In this issue

Jonathan Tobin: Defending the Right to a Jewish State

Heather Hale: Compliment your kids without giving them big heads

Megan Shauri: 10 ways you are ruining your own happiness

Carolyn Bigda: 8 Best Dividend Stocks for 2015

Kiplinger's Personal Finance editors: 7 Things You Didn't Know About Paying Off Student Loans

Samantha Olson: The Crucial Mistake 55% Of Parents Are Making At Their Baby's Bedtime

Densie Well, Ph.D., R.D. Open your eyes to yellow vegetables

The Kosher Gourmet by Megan Gordon With its colorful cache of purples and oranges and reds, COLLARD GREEN SLAW is a marvelous mood booster --- not to mention just downright delish
April 18, 2014

Rabbi Yonason Goldson: Clarifying one of the greatest philosophical conundrums in theology

Caroline B. Glick: The disappearance of US will

Megan Wallgren: 10 things I've learned from my teenagers

Lizette Borreli: Green Tea Boosts Brain Power, May Help Treat Dementia

John Ericson: Trying hard to be 'positive' but never succeeding? Blame Your Brain

The Kosher Gourmet by Julie Rothman Almondy, flourless torta del re (Italian king's cake), has royal roots, is simple to make, . . . but devour it because it's simply delicious

April 14, 2014

Rabbi Dr Naftali Brawer: Passover frees us from the tyranny of time

Greg Crosby: Passing Over Religion

Eric Schulzke: First degree: How America really recovered from a murder epidemic

Georgia Lee: When love is not enough: Teaching your kids about the realities of adult relationships

Cameron Huddleston: Freebies for Your Lawn and Garden

Gordon Pape: How you can tell if your financial adviser is setting you up for potential ruin

Dana Dovey: Up to 500,000 people die each year from hepatitis C-related liver disease. New Treatment Has Over 90% Success Rate

Justin Caba: Eating Watermelon Can Help Control High Blood Pressure

The Kosher Gourmet by Joshua E. London and Lou Marmon Don't dare pass over these Pesach picks for Manischewitz!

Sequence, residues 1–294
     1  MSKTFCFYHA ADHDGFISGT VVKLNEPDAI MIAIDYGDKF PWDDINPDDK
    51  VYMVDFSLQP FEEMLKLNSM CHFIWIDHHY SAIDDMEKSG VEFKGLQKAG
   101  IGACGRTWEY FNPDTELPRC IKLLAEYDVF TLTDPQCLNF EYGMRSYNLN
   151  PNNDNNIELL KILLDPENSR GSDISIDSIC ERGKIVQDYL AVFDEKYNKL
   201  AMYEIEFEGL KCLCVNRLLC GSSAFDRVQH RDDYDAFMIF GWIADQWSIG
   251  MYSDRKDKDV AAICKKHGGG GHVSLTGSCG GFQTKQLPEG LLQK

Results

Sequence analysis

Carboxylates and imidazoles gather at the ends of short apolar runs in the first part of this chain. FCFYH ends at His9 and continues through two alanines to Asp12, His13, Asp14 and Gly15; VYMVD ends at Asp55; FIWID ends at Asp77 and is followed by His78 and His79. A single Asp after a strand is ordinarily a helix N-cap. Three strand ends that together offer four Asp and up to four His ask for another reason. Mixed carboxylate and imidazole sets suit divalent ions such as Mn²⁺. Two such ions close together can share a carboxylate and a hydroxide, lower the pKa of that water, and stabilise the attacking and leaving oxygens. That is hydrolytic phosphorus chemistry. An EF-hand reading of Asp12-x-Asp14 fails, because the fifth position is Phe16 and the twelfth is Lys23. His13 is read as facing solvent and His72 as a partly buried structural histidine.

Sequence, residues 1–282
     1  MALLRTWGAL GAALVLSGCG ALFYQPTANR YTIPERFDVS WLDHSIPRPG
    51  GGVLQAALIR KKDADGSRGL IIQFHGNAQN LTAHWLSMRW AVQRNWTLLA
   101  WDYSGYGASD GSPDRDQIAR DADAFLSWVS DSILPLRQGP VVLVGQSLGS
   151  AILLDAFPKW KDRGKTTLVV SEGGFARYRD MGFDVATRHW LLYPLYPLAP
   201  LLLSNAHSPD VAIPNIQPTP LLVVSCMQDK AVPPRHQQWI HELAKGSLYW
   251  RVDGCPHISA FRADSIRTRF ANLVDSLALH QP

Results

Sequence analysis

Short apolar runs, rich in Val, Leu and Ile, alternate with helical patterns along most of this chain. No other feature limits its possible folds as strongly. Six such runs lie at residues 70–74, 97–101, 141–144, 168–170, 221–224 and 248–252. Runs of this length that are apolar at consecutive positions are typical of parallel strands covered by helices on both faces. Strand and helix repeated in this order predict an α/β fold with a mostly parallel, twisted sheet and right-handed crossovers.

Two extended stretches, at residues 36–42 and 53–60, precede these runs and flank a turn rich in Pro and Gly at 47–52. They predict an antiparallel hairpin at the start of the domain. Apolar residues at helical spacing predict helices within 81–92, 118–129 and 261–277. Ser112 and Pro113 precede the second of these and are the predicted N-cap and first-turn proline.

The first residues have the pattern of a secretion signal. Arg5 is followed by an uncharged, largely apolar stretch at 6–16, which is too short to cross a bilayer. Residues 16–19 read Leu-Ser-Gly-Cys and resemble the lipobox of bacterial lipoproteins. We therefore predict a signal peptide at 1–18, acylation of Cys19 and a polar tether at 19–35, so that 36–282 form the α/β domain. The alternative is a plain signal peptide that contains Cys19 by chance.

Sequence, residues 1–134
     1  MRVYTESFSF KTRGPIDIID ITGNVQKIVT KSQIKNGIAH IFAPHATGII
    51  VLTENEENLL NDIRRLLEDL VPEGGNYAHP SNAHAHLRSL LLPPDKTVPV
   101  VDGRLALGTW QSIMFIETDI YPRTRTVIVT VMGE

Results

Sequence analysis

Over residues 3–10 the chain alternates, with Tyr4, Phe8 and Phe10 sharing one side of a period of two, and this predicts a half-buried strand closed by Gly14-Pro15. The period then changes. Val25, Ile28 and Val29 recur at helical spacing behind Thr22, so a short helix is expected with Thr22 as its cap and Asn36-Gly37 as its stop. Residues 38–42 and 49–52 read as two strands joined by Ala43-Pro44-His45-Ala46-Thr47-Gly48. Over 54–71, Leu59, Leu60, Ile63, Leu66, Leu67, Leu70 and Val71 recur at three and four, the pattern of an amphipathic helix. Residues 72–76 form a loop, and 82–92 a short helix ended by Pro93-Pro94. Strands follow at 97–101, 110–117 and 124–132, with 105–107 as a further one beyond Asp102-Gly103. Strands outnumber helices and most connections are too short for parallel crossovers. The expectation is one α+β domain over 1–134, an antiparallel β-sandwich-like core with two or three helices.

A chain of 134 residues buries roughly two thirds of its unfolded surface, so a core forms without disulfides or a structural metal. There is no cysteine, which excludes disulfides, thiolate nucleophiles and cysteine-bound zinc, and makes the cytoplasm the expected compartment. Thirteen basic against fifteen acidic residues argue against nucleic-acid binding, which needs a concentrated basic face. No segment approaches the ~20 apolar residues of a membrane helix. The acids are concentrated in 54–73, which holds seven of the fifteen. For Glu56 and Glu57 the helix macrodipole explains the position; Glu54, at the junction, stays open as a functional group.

April 11, 2014

Rabbi Hillel Goldberg: Silence is much more than golden

Caroline B. Glick: Forgetting freedom at Passover

Susan Swann: How to value a child for who he is, not just what he does

Cameron Huddleston: 7 Financial Tasks You Should Tackle Right Now

Sandra Block and Lisa Gerstner: How to Profit From Your Passion

Susan Scutti: A Simple Blood Test Might Soon Diagnose Cancer

Chris Weller: Have A Slow Metabolism? Let Science Speed It Up For You

The Kosher Gourmet by Diane Rossen Worthington Whitefish Terrine: A French take on gefilte fish

April 9, 2014

Jonathan Tobin: Why Did Kerry Lie About Israeli Blame?

Samuel G. Freedman: A resolution 70 years later for a father's unsettling legacy of ashes from Dachau

Jessica Ivins: A resolution 70 years later for a father's unsettling legacy of ashes from Dachau

Kim Giles: Asking for help is not weakness

Kathy Kristof and Barbara Hoch Marcus: 7 Great Growth Israeli Stocks

Matthew Mientka: How Beans, Peas, And Chickpeas Cleanse Bad Cholesterol and Lowers Risk of Heart Disease

Sabrina Bachai: 5 At-Home Treatments For Headaches

The Kosher Gourmet by Daniel Neman Have yourself a matzo ball: The secrets bubby never told you and recipes she could have never imagined

April 8, 2014

Lori Nawyn: At Your Wit's End and Back: Finding Peace

Susan B. Garland and Rachel L. Sheedy: Strategies Married Couples Can Use to Boost Benefits

David Muhlbaum: Smart Tax Deductions Non-Itemizers Can Claim

Jill Weisenberger, M.S., R.D.N., C.D.E : Before You Lose Your Mental Edge

Dana Dovey: Coffee Drinkers Rejoice! Your Cup Of Joe Can Prevent Death From Liver Disease

Chris Weller: Electric 'Thinking Cap' Puts Your Brain Power Into High Gear

The Kosher Gourmet by Marlene Parrish A gift of hazelnuts keeps giving --- for a variety of nutty recipes: Entree, side, soup, dessert

April 4, 2014

Rabbi David Gutterman: The Word for Nothing Means Everything

Charles Krauthammer: Kerry's folly, Chapter 3

Amy Peterson: A life of love: How to build lasting relationships with your children

John Ericson: Older Women: Save Your Heart, Prevent Stroke Don't Drink Diet

John Ericson: Why 50 million Americans will still have spring allergies after taking meds

Cameron Huddleston: Best and Worst Buys of April 2014

Stacy Rapacon: Great Mutual Funds for Young Investors

Sarah Boesveld: Teacher keeps promise to mail thousands of former students letters written by their past selves

The Kosher Gourmet by Sharon Thompson Anyone can make a salad, you say. But can they make a great salad? (SECRETS, TESTED TECHNIQUES + 4 RECIPES, INCLUDING DRESSINGS)

April 2, 2014

Paul Greenberg: Death and joy in the spring

Dan Barry: Should South Carolina Jews be forced to maintain this chimney built by Germans serving the Nazis?

Mayra Bitsko: Save me! An alien took over my child's personality

Frank Clayton: Get happy: 20 scientifically proven happiness activities

Susan Scutti: It's Genetic! Obesity and the 'Carb Breakdown' Gene